Max Scherzer takes the mound Friday. (Alex Brandon/Associated Press)
Eight days ago, the Washington Nationals embarked on a seven-game road trip fresh off a 7-3 homestand. They were 5 1/2 games out of first place in the National League East with 47 games to go. Reaching the playoffs required work, but it was certainly possible. Just over a week later, the Nationals return home reeling.
After a 2-5 road trip, they are 61-61 and eight games behind the first-place Atlanta Braves. The Philadelphia Phillies sit 6 1/2 games ahead of the Nationals in second place. They play them next, after a three-game set against the last-place Miami Marlins. There’s no margin for error. They must start piling up wins immediately. Their postseason hopes depend on it.
RELYING ON MAD MAX
A month ago, Max Scherzer was not pitching to his atypical standards. He had allowed at least three runs in three consecutive starts. His ERA had climbed to 2.43. For most pitchers, that’s more than acceptable. For Scherzer, it was a rough patch.
Since then, the right-hander has allowed five earned runs in five starts. He has struck out 45 batters and walked six. His 2.19 ERA ranks fourth in baseball and second in the NL behind the Mets’ Jacob deGrom, his only competition for a third straight Cy Young Award.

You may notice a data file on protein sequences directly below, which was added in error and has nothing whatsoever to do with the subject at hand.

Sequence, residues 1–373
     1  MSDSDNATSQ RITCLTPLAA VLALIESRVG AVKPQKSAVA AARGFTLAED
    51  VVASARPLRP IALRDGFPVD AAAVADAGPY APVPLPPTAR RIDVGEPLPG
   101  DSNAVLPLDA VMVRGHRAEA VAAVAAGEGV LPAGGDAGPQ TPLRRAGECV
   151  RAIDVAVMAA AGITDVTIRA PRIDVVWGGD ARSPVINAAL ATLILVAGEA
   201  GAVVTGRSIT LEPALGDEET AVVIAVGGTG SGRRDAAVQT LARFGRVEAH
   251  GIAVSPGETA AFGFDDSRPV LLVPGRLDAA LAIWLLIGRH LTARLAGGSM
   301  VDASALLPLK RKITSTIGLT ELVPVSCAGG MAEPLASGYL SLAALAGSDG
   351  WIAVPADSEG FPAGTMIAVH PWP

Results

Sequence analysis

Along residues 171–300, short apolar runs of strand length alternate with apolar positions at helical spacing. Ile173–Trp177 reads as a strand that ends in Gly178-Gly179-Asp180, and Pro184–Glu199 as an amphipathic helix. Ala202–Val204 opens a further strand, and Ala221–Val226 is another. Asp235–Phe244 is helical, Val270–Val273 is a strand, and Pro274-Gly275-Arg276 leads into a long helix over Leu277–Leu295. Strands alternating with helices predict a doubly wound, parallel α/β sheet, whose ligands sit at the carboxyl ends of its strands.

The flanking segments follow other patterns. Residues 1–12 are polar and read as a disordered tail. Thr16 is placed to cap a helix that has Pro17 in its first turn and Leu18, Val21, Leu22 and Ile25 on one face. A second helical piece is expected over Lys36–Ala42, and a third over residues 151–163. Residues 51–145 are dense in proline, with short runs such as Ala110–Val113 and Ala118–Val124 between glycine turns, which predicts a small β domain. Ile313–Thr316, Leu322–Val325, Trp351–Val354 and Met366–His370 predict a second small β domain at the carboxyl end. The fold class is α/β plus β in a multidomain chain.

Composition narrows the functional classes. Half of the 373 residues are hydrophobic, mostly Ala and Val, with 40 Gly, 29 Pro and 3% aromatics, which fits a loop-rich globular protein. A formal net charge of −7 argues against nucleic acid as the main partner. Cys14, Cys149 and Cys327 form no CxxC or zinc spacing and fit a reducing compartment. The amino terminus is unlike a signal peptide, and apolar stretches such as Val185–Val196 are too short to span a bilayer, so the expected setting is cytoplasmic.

Scherzer returns to the mound Friday night against a club that he held to one unearned run across eight innings July 27. The Nationals could use a similar outing Friday to relieve a shorthanded bullpen.
The Nationals’ bullpen was considered a strength not long ago. It boasted four relievers with considerable closing experience and a few other quality arms. It had spent more than a month compensating for a floundering starting rotation. It was reliable. That no longer is the case, not after Brandon Kintzler was traded, and Sean Doolittle, Kelvin Herrera and Ryan Madson were placed on the disabled list.
Madson is the latest addition, added to the DL with lumbar nerve irritation after admitting he had a problem when he allowed a walk-off grand slam Sunday night in Chicago. His injury forced the Nationals to turn to Koda Glover to close just a week after he came off the disabled list. Glover saved Thursday’s win over the St. Louis Cardinals, but only after surrendering a walk-off home run Monday. The hard-throwing right-hander will retain closing duties until one of those three injured former closers returns, which could be a while.
BRYCE IS BACK
Bryce Harper had a .214 batting average at the all-star break, a shocking number that overshadowed his high home run total and career-high walk rate. His agent blamed radical shifts. His manager insisted he would work through it. Harper remained confident.
A month later, Harper’s struggles are behind him. In 25 games since the break, which featured him winning the home run derby, the slugger is batting .352 with seven home runs and a 1.129 OPS. The stretch has buoyed his batting average to .243 — the highest it has been since May 6. He is spraying the ball to all fields again, resembling the hitter who some have believed will garner a $400 million contract this winter.
Friday: RHP Dan Straily vs. RHP Max Scherzer
Saturday: LHP Wei-Yin Chen vs. LHP Tommy Milone
Sunday: RHP Pablo Lopez vs. LHP Gio Gonzalez
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Source : https://www.washingtonpost.com/news/nationals-journal/wp/2018/08/17/marlins-nationals-series-preview-nats-are-back-home-with-no-margin-for-error/Thanks you for read my article The Curious Case Of Bryce Harper���s .214 Batting Average